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Boil Carbon to reuse?

This is a discussion on Boil Carbon to reuse? within the Freshwater Aquarium Equipment forums, part of the Beginner Freshwater Aquarium category; --> Originally Posted by jaysee It's not my theory. Which publications do you speak of? A simple google on activated carbon will reveal many....

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Boil Carbon to reuse?
Old 09-04-2012, 01:32 PM   #11
 
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Originally Posted by jaysee View Post
It's not my theory. Which publications do you speak of?
A simple google on activated carbon will reveal many.
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Old 09-04-2012, 03:27 PM   #12
 
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You talk about these experts and publications but can't provide more direction than that???

I'll stand by the words of Physical Chemists.
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Old 09-04-2012, 09:07 PM   #13
 
One example - Activated Carbon in the Aquarium

"Does Activated Carbon De-Adsorb?
You may hear that once activated carbon has reached its capacity, it will start leaching some materials it previously adsorbed back into the water. This is not an accurate claim. Although technically possible, to de-adsorb requires changes in the water chemistry that simply do not occur in the aquarium. "
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Old 09-04-2012, 10:05 PM   #14
 
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wow, about.com - a highly respected publication. Written by an avid fish keeper and photographer. That HARDLY makes her an expert on activated carbon, or anything related to chemistry....
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Old 09-05-2012, 07:35 AM   #15
 
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wow, about.com - a highly respected publication. Written by an avid fish keeper and photographer. That HARDLY makes her an expert on activated carbon, or anything related to chemistry....
Again, that was just one example. I've read this over and over in many publications. The notion that once at capacity, activated carbon begins releasing all that it's adsorbed is a myth used by many to discredit it's value in water purification.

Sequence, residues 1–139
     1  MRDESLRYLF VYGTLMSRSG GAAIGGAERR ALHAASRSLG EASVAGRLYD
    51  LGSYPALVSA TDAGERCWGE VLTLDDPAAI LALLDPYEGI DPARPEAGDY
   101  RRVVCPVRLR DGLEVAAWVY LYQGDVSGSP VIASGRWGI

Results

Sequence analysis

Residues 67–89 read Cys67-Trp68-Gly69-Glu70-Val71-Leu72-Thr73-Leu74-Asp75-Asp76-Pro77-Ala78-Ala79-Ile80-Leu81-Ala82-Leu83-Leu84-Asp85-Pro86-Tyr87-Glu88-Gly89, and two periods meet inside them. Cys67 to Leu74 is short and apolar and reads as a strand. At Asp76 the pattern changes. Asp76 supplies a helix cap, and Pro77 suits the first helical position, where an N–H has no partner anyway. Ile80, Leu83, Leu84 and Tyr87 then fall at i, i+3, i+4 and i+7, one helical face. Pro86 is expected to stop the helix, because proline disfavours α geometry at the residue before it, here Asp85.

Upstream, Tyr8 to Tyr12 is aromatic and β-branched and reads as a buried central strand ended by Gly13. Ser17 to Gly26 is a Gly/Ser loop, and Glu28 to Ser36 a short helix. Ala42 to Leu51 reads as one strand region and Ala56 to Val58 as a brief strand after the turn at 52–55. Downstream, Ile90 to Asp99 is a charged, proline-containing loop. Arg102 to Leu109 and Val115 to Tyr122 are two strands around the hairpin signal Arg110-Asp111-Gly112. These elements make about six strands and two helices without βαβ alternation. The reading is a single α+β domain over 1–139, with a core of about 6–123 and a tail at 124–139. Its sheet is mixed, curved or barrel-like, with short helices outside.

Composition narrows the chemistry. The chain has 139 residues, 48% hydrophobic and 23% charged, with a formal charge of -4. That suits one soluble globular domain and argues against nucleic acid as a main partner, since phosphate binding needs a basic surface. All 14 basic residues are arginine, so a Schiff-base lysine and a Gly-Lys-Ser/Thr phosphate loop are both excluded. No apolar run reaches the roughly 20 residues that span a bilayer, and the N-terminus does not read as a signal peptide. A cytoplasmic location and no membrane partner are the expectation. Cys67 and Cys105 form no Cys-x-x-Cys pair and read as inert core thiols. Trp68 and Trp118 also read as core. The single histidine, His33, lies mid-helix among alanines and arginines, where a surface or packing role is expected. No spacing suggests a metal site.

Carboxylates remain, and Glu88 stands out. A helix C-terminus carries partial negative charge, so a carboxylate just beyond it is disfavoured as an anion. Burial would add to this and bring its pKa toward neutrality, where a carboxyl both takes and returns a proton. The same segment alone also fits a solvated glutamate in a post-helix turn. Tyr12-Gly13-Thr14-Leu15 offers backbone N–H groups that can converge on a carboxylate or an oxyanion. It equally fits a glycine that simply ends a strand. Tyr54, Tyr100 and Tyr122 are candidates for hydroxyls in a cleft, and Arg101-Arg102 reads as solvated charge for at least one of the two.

I guess we'll have to agree to disagree.
End of discussion.
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Old 09-05-2012, 08:26 AM   #16
 
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Well, you can believe the fish experts and I'll believe the real experts.
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Old 09-05-2012, 01:37 PM   #17
 
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Again, that was just one example. I've read this over and over in many publications. The notion that once at capacity, activated carbon begins releasing all that it's adsorbed is a myth used by many to discredit it's value in water purification.
I guess we'll have to agree to disagree.
End of discussion.
Based on the quality of information cited in this thread, I don't think anyone should be obliged to agree to anything.

I also think it unneccesary to "end a discussion" simply because you can't locate your sources.

Reading the oft-referred-to citation (which I found cut and pasted in at least two other generic sources) I note that wide swings in pH level can cause de-adsorption. I would like to know what level of change in pH is necessary to accomplish de-adsorption. For example, if a person suddenly decided to convert a marine tank to a planted tank and the pH dropped from 8.4 to 6.0, would that do it?

This is the kind of thing alluded to on marine forums with respect to copper adsorbed by calcareous materials, and one of the reasons that use of copper in anything but a quarantine tank comes with its own set of caveats. But if it's true that very low pH could cause a cleansing of activated carbon, shouldn't we be telling our friend verbosity to quit boiling the stuff and use some sort of acidic formulation? Not that the de-adsorbed carbon would ever be safe for aquarium use. . .